To what extent the Rio Declaration normative statement will trickle down into changed behaviours within governments?

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Do you consider that WCSDH achieved its objective of defining strategies to combat health inequities through action on SDH? What would you emphasize in this regard?

The WCSDH went part of the distance in achieving its aims, but primarily in terms of issuing normative statements. Among the most important of these is the affirmation that inequities in health within and between countries are unacceptable by any standard invoked: political, social or economic. It also calls on adoption of actions to prevent deteriorating living conditions and loss of social protection in the wake of the global financial crisis. The five key strategic areas (better health governance, meaningful public participation in SDH policy discussions, health systems oriented to reducing health inequities, stronger and better global governance for health, and improved measurement and accountability) are all quite fine. They are also not new, but it is good to have them re-affirmed. The various pledges governments have made in the Rio Political Declaration are also helpful reference points for holding them to account; but what is missing is a clear statement of what will be done. There are no targets; no specific policy strategies; and no commitment to report back on whether the pledges will be honoured. This raises the important question: to what extent does an intergovernmental normative statement trickle down into changed behaviours within governments once they return home? I think that pledging to a few of the key specific policy choices raised in the CSDH final report, and by the strong civil society and academic communities at the WCSDH, would be more likely to have political traction once the national delegates (who mostly represented health ministries) try to convince their finance, foreign affairs and social protection sectors to take SDH seriously.

What steps in short and medium terms member countries should adopt to comply with the commitments made at this conference?

They need to meet with other ministers, senior policy workers, civil society groups and media in their home countries to de-brief on the meeting, and to state quite clearly the specific policy agenda they will be pursuing. The Alternative Declaration issued by civil society at the Rio WCSDH does contain many such good measures, including: increased funding for equity-based social protection, full closure of offshore tax centres, progressive taxation to finance redistributive SDH programs within their borders, a global financial transaction tax to fund meaningful and ecologically sustainable development, a review of trade policies and trade treaty negotiation positions to ensure that trade deals support, and at least do not harm, health equity goals.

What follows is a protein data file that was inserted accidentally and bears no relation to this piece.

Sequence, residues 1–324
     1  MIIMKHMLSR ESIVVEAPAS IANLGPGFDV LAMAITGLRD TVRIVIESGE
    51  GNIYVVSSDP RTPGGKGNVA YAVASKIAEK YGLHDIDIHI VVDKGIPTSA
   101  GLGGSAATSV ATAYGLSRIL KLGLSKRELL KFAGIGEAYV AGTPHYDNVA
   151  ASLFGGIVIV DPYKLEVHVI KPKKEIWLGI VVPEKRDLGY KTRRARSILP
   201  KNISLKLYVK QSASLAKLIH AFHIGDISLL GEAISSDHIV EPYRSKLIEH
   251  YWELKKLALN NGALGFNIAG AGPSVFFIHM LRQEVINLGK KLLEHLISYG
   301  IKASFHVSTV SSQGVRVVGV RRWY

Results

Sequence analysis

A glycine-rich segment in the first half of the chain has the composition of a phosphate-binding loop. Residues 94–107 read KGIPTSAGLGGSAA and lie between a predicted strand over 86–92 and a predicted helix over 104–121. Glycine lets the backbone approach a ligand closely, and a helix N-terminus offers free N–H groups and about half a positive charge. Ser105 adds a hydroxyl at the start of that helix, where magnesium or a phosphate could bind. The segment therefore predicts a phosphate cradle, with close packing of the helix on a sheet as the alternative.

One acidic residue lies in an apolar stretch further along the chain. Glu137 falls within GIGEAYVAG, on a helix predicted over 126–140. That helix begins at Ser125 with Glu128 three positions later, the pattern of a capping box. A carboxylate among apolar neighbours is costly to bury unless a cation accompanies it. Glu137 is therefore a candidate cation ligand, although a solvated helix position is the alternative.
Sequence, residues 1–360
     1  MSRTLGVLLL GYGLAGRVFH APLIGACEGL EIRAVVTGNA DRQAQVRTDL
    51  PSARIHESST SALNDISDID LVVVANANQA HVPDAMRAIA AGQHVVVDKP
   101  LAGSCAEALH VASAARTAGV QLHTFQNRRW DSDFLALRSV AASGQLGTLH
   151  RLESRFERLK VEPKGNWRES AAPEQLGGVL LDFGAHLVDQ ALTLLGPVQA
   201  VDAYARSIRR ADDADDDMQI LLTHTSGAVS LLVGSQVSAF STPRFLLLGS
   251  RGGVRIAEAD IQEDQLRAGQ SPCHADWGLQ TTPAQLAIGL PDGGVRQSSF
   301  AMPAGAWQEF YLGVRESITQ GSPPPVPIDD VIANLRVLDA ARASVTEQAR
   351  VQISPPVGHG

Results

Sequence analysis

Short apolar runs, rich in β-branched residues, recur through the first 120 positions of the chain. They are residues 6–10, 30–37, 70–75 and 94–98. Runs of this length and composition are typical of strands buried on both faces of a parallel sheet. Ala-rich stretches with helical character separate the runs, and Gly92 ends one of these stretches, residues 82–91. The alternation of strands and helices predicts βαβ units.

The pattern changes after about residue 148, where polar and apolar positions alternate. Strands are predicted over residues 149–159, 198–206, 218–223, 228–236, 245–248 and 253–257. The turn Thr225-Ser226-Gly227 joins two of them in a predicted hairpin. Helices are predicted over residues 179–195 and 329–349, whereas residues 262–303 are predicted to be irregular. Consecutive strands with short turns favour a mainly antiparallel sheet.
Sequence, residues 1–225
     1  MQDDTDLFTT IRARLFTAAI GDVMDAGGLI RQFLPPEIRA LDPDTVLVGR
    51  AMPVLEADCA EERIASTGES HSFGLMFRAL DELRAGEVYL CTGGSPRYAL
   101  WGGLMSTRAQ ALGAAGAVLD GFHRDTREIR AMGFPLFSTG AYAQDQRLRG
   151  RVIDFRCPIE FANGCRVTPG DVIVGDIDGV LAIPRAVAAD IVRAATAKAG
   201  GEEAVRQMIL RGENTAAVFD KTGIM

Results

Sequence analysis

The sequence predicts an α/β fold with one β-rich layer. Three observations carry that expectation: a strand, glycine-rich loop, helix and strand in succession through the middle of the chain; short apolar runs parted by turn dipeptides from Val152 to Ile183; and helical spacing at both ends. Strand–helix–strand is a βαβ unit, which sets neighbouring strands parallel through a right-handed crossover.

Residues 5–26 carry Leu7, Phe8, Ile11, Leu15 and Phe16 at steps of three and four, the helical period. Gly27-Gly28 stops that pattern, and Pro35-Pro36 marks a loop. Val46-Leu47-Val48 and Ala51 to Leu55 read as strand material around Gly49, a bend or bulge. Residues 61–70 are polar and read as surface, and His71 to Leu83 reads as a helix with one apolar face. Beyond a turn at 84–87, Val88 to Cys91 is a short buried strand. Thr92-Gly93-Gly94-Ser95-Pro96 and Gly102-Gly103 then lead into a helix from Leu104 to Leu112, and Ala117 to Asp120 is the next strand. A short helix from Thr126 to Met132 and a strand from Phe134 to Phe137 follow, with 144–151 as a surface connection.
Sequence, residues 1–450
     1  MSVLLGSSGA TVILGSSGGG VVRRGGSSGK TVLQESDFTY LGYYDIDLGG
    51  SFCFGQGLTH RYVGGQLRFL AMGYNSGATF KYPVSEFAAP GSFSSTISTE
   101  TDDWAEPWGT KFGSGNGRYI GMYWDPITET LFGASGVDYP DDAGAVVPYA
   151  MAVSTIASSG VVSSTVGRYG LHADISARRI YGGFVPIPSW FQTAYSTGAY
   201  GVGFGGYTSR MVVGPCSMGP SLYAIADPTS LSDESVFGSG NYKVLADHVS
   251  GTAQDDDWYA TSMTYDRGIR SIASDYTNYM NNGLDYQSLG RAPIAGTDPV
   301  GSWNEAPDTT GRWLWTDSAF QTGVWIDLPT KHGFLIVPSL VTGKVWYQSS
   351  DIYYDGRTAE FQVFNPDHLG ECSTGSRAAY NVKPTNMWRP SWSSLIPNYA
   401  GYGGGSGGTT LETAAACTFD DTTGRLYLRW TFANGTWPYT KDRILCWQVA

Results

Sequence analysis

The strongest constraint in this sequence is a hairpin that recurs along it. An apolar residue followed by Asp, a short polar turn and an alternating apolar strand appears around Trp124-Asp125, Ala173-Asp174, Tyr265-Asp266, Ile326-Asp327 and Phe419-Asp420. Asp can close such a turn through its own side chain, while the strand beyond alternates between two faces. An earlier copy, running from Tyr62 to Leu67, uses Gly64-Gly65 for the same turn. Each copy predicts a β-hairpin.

What are the main changes in technical cooperation activities that should be undertaken by WHO and other international organizations to support countries in implementing national plans and programs to combat health inequities?

There is, now, an emerging consensus amongst many of the UN agencies on the importance of enhanced social protection spending in such areas as welfare support, universal health coverage, active labour market policies, the ‘decent work’ agenda, early child development, universal education access and so on. This directly challenges the austerity measures now being undertaken voluntarily or being imposed on many countries directly by central banks and the IMF or indirectly through the credit ratings of different rating agencies (pricing the cost of government financing out of reach). Estimates of the wealth lying untaxed in offshore financial centres, or of the revenues potentially earned by worldwide and technically collectible financial transaction taxes (to say nothing of rolling back upper-income tax breaks enacted in recent years in many countries) would be ample to finance these measures. These are clear policy choices governments could make, and which the Rio Political Declaration, had the health delegations here chosen to be bold, could have affirmed. It also sets the bar high for WHO, in terms of adding its health voice to the human development, labour, children’s and other UN sectoral agencies call for interventions to reduce the inequalities in wealth and resources now threatening social cohesion in many countries around the world.

What other aspects would you like to point out?

Regrettably, there has been virtually no mention of the WCSDH or the issues it was tackling in any of the media, at least of which I am aware. There was no mention in Canada, and none (I have been told) even here in Brazil. This raises questions about the ‘brand’ of SDH – does it resonate with the broader public? Or is it simply a matter of political indifference or media capture by the scintillations of medical science? On a positive note: Brazil made a very strong mark in terms of describing its successes in reducing poverty and improving health through improved social spending and redistribution; with very strong commitments for ongoing pro-health equity programs and reforms into the future. There was probably no better country at the moment to host an event such as the WCSDH.

Entrevista com: Ronald Labonté

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